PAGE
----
Werner Pfennig is an orphan who wins a place at a brutal military academy. But on joining the army, he grows ever more aware that his way out of obscurity is built on suffering.
In a walled city by the sea an old man with a radio set creates new worlds without ever setting foot outside. And yet, impending danger will not allow him to remain shut in for ever.
First published: 2014
I obtained my copy of All the Lights We Cannot See in quite an unusual way. One of my teachers brought it to class one day and gave it away to a random person on the attendance list – which turned out to be me! I got around to reading it a few weeks ago, after deciding to use it for the final assignment for that course, and I was really impressed by it! I can definitely see why it won the Pulitzer Prize, that’s for sure.
The first thing that struck me when I started reading was how short the chapters are. Sometimes they’re not even one page long (most of them are at least three pages, though). I quite like short chapters, because it makes a book more accessible, I think, and I really liked it for All the Light We Cannot See, since the narrative voice switches with each new chapter (more or less). One minute you’re still reading about Marie-Laure in France, and the next you’re back with Werner in Nazi Germany. It kept the story refreshing and fast-paced, and I really liked that.
The characters are absolutely amazing, too. My favourite was definitely Marie-Laure, as well as Etienne. They have such rich imaginations, which I always adore in characters. Marie-Laure doesn’t let the fact that she’s blind stop her when it comes to discovering new things and reading amazing books (her father buys her a book in braille for her birthday every year). Etienne is mentally scarred by serving in the First World War, but he slowly starts to enjoy life again when Marie-Laure enters his world. They develop a wonderful relationship, and it was lovely to read about it.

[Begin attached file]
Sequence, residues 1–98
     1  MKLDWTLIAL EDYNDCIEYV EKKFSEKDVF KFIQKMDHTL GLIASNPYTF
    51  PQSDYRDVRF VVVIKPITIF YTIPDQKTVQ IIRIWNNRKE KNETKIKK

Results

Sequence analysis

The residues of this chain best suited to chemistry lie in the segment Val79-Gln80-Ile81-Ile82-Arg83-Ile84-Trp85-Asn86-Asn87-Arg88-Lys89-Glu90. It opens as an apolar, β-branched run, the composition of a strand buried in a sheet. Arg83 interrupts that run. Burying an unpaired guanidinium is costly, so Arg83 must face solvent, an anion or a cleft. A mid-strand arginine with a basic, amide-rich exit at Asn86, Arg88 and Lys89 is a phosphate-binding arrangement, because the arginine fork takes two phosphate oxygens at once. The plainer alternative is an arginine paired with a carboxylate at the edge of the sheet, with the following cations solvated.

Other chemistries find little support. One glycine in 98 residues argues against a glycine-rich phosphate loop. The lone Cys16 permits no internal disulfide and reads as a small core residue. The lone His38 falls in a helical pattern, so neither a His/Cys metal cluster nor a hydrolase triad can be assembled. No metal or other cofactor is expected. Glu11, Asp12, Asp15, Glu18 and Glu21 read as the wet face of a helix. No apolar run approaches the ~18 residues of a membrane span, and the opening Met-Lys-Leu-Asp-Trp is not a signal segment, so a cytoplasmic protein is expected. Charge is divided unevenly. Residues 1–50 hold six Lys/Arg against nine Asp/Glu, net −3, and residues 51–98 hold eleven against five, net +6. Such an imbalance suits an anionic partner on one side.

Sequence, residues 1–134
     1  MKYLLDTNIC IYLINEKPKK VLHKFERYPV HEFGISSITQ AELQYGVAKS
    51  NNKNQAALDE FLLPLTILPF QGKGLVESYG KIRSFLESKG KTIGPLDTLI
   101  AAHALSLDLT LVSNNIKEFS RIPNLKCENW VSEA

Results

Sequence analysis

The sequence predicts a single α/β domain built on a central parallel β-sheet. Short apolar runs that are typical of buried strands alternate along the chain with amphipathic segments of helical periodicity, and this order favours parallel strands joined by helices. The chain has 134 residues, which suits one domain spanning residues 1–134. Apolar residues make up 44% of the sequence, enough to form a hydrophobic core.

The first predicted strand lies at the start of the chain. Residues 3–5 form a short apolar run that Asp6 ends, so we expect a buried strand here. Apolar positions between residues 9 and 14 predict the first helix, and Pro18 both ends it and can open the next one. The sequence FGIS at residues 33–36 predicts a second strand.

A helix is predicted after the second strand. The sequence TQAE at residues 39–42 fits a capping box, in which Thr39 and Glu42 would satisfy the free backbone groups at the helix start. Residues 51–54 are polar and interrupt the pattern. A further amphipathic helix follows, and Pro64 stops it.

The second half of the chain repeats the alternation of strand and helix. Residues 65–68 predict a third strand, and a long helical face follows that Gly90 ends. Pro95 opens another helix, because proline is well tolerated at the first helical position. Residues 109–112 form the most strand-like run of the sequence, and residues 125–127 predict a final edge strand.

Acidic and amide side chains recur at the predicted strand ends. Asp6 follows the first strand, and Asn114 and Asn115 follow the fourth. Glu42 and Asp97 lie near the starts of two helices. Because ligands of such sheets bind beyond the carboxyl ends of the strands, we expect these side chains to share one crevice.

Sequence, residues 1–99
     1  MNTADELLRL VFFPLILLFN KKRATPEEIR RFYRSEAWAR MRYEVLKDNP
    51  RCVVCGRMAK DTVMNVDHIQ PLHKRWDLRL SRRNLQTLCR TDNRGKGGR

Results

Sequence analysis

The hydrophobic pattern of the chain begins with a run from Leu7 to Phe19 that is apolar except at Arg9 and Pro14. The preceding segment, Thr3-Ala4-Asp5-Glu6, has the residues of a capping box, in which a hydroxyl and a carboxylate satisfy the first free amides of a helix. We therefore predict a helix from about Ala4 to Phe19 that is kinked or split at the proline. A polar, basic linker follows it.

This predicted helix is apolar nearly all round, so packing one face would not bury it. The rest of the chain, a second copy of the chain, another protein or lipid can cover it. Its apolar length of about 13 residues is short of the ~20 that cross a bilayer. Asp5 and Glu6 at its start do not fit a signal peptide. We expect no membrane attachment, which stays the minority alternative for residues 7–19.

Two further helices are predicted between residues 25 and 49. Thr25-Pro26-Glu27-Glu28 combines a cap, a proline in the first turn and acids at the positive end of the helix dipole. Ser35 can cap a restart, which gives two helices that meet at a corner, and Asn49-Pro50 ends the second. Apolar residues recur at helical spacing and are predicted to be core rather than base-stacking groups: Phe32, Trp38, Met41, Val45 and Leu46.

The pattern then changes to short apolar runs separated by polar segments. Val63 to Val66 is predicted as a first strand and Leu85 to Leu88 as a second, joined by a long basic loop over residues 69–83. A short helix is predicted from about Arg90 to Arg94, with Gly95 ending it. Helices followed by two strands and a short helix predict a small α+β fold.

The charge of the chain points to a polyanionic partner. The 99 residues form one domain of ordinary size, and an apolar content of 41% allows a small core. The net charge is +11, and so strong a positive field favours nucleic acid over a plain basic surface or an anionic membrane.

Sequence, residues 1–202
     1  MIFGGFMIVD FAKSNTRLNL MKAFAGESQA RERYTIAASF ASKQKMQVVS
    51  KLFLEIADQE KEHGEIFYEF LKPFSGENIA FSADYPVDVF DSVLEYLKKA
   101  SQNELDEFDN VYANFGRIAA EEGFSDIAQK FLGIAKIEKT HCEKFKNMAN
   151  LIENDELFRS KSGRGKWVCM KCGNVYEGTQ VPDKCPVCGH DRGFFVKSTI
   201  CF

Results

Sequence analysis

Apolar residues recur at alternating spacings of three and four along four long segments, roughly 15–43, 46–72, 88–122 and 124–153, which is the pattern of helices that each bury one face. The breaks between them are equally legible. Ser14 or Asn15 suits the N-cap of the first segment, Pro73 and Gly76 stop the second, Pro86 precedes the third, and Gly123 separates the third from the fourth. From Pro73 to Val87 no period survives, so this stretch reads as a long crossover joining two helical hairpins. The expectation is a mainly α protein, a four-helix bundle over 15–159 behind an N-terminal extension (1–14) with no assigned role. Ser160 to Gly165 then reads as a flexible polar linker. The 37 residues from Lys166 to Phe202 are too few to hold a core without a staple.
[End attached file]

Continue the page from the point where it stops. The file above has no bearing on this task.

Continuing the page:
Then there’s Werner, the German boy, who goes to a Nazi military school in order to escape his life at the Children’s House in Zollverein. He’s a really great character as well, and his inner struggle about whether what he is doing is right or wrong was one of the most interesting aspects of the novel. For him, there is no clear dichotomy. Everything is jumbled together and it is hard to make sense of it all. I found this to be one of the strong points of the novel. I imagine that it is not so easy to see everything clearly when you’re actually living it. That was portrayed very convincingly.
The one thing that can make or break a novel for me though, is the writing, and the writing in All the Light We Cannot See is absolutely phenomenal. It had me captivated at all times and there were moments when I just had to stop reading for a second to really enjoy a sentence I’d just come across.
All the Lights We Cannot See is one of the best books I’ve read this year, and I’d highly recommend it to anyone. It’s a very refreshing World War II novel, which shows not only the tragedy and heart break but also the bright moments within the darkness.